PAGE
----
If he’d only been more of a husband,
Or more of a father, she’d said,
And she’d sighed, ‘Well it’s just for one Christmas...’
And she’d snarled, ‘But I wish you were dead!’
 
And he’d smiled as she’d turned back to face him
In that wistful expression of old,
Where his mouth turned the corners up lightly
But his eyes cried their hurt in the cold.
‘Yes, it’s only for Christmas I’m asking
With our children again, at the last,
I’ll be gone with the wind in the morning,
Just a memory drift in your past.’
 
David Lewis Paget

© 2012 David Lewis Paget


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Featured Review

I have a lump in my throat the size of an apple. I was rivited from start to finish..........and of course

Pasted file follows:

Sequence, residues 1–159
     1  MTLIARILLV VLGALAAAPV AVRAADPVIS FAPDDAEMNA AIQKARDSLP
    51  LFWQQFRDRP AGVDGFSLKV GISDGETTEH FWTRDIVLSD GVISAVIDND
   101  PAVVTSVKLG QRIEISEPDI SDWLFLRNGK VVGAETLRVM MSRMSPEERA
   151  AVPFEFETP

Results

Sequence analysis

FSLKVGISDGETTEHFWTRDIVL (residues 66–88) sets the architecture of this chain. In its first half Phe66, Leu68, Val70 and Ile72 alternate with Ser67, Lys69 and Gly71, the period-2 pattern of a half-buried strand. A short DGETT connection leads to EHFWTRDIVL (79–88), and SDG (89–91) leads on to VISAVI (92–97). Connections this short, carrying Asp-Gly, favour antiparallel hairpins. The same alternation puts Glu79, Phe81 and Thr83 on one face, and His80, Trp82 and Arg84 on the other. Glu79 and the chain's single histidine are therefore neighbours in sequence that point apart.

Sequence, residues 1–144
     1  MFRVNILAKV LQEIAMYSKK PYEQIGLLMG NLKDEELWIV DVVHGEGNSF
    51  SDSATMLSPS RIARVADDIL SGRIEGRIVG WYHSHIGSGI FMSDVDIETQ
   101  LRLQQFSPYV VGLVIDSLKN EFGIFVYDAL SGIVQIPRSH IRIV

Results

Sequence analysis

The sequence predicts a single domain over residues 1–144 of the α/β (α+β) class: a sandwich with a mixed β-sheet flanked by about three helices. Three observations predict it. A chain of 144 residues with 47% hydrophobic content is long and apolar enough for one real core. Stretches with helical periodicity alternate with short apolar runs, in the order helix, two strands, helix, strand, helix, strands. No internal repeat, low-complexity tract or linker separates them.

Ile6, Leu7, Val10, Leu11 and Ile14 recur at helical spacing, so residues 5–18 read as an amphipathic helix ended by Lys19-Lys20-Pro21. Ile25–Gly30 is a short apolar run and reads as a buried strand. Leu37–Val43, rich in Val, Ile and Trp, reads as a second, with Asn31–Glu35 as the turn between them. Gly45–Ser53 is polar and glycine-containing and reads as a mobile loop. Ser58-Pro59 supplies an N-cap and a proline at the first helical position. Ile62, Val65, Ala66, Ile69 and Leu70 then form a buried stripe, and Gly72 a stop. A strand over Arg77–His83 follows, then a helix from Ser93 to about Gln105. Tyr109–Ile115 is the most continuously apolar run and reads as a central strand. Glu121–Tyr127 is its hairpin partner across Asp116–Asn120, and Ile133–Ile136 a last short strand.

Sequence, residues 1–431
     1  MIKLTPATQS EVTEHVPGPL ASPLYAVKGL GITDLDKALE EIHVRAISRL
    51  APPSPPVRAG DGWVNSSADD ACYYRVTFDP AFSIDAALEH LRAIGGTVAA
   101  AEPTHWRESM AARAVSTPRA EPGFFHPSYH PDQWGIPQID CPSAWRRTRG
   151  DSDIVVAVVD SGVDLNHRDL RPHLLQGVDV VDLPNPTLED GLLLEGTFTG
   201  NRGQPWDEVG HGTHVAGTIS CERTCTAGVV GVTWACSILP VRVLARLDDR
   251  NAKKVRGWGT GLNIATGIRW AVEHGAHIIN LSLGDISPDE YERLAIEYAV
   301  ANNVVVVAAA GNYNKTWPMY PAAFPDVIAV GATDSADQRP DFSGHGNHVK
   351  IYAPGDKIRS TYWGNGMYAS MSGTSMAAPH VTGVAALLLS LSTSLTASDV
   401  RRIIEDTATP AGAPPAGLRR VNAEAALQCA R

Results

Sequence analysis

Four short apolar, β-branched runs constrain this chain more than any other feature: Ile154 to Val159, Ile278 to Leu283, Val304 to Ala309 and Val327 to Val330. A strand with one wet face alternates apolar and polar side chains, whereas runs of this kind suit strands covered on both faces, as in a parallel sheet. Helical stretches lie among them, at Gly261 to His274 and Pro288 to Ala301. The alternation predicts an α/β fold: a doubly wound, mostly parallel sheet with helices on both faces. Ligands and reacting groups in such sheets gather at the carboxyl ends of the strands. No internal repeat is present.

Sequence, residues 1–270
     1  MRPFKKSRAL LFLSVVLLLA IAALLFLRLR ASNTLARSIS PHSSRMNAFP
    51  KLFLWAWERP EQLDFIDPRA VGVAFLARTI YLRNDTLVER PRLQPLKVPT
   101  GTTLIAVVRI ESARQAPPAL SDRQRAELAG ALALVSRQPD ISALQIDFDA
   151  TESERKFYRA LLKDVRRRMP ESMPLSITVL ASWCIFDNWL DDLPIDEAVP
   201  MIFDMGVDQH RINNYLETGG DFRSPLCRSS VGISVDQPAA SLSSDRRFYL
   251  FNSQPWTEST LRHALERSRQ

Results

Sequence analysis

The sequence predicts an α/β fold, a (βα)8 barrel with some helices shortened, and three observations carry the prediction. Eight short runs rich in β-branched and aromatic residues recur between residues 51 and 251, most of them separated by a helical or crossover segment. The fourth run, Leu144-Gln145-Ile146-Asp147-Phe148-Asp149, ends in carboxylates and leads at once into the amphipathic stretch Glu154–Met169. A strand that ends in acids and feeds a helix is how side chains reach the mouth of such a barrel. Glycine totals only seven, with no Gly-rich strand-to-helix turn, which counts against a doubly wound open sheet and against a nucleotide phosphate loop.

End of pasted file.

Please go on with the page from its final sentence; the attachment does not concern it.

knowing he had died, been ill, and stayed away made it so heart breaking.
What I love about your work is the emotion and flow, you are so easy to get into and read...........
and with it there is deep thought and beauty...............This was so sad, so descriptive that I will
remember it for a long time to come...........beautiful.

Posted 14 Years Ago


4 of 4 people found this review constructive.




Reviews

The emotions sream off of this piece, I could not take my eyes off of it.
Unbelievable.
This piece hit me hard at the heart and soul
Nice work
thank you for entering my contest

Posted 14 Years Ago


1 of 1 people found this review constructive.

This poem was forwarded to me, and I must say that this hit me hard. There's so much pain, love, loss and regret here. We all have these things that we put away for the sake of being able to continue living in this life; but alas, these things wear on us in ways that sometimes are the weight of death.